- Introducing and enforcing clear and coherent rules
- Improving transparency and facilitating access to regulations
- Ensuring that building quality control and safety mechanisms are in place
- Evaluating projects according to risk categories
- Using one-stop shops to improve coordination and increase efficiency
Economies have implemented several good practices in dealing with construction-related permits over the years. Some of the most commonly observed examples include setting clear and coherent rules and improving transparency and accessibility of such rules and regulations. Many economies also tend to ensure that building quality control and safety mechanisms are in place, differentiating construction projects by risk and category. Another common good practice is the use of one-stop shops to improve coordination and increase the efficiency of obtaining permits related to construction.
Introducing and enforcing clear and coherent rules
Efficient building regulation starts with establishing a coherent body of rules that defines what is required from builders. Today more than 159 economies around the world have a comprehensive set of building rules in the form of building codes and laws that regulate all aspects of the construction process. But merely providing rules is not enough. Unclear regulations may not only cause confusion on how to proceed but also increase opportunities for corruption, disputes and unnecessary delays. Laying out a clear list of documents and preapprovals required before a building permit application can be submitted and providing applicants with information on the required fees and how they are calculated are the first steps toward achieving clarity, consistency and transparency.
Economies must also ensure that, when rules are adopted, they are enforced in practice. In Nepal, for example, a national building code was ratified in 1994 but never implemented or abided by in practice. As a result, construction proceeded with little concern for safety in a country vulnerable to high magnitude earthquakes. Two decades later, Nepal has implemented a system that automatically checks for compliance with the National Building Code. Implementation must also be uniform throughout the country as local authorities may interpret the rules differently. In Bangladesh, for example, a revised building code was enacted in 2017 which introduced stricter construction standards and established measures to increase oversight of building safety and quality. Implementation rules, however, vary substantially among cities. For example, it takes 16 procedures and 281 days on average for an entrepeneur in Dhaka to complete all construction permitting formalities but 15 procedures and 247 days on average for an entrepeneur in Chittagong.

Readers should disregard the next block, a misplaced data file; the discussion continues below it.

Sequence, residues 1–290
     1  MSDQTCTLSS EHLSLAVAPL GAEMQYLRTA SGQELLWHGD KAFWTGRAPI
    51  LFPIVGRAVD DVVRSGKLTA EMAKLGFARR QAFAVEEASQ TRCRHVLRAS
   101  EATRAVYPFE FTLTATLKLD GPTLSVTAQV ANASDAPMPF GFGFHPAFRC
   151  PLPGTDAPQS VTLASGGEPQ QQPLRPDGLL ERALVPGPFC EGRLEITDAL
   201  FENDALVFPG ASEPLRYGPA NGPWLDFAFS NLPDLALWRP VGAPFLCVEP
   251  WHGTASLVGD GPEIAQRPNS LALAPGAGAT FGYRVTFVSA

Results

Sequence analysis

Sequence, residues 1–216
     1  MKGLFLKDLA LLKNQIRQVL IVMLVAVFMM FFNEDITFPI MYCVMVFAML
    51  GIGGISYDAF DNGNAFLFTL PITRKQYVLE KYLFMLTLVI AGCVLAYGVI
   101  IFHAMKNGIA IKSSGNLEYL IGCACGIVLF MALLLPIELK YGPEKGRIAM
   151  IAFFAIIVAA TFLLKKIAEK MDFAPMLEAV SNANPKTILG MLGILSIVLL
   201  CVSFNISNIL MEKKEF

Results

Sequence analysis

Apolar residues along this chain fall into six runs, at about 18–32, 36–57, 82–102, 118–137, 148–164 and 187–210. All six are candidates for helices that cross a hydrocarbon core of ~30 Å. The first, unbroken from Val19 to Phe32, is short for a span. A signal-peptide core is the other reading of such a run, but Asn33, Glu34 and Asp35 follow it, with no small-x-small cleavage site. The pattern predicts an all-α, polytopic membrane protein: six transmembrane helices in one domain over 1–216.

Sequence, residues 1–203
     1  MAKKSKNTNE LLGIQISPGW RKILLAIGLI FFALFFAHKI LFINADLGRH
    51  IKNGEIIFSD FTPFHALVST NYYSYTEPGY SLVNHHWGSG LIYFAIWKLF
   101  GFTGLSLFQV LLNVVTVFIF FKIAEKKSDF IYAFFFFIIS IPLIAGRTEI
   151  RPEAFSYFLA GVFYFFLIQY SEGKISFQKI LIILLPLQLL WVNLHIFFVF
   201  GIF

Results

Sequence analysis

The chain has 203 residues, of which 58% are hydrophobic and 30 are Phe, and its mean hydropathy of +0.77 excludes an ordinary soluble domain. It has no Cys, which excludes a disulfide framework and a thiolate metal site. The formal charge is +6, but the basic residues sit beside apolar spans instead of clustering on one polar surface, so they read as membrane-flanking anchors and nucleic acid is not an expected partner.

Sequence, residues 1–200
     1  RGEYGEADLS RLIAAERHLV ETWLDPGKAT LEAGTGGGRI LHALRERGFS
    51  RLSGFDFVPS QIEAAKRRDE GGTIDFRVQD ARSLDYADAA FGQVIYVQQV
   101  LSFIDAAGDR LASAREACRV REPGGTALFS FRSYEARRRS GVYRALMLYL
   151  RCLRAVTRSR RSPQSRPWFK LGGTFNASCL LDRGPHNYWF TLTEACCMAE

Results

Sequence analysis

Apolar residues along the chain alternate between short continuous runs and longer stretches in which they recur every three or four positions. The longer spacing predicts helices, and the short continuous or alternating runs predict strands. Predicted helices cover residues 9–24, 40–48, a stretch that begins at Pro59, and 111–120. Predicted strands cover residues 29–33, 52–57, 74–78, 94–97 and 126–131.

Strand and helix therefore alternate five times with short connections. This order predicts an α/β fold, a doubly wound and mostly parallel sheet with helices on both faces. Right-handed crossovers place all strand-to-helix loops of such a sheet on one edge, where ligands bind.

Making building regulations available is not enough if the requirements for obtaining a building permit are not clearly laid out in regulation (or on a website or in a pamphlet). Applicants need to have a list of the documents and preapprovals required before applying for a permit to avoid situations where the permit-issuing authority can arbitrarily impose additional requirements. And applicants need to be aware of the required fees and how they are calculated.
Beyond good regulation, an effective inspection system is also critical in protecting public safety. Without one, there is no mechanism to ensure that buildings comply with proper safety standards, increasing the chances of structural defects. Indeed, having technical experts review the proposed plans before construction even begins can reduce the risk of structural failures later on.
Besides being clear and fully enforced, building rules also need to be adaptable to keep up with economic and technological change—particularly in light of growing environmental concerns. Indeed, overly precise provisions make it challenging to keep regulations up to date. For example, some building codes specify which materials can be used in construction projects but, although this ensures building safety, it would only be effective if codes are regularly updated to include new innovations in the materials field. This is not the case in the transition economies of Eastern Europe and Central Asia, where such rules are most common. On the other hand, New Zealand chose an effective approach: performance-oriented building codes set technical standards and targets but do not regulate how to achieve them, allowing for innovation and flexibility in building techniques.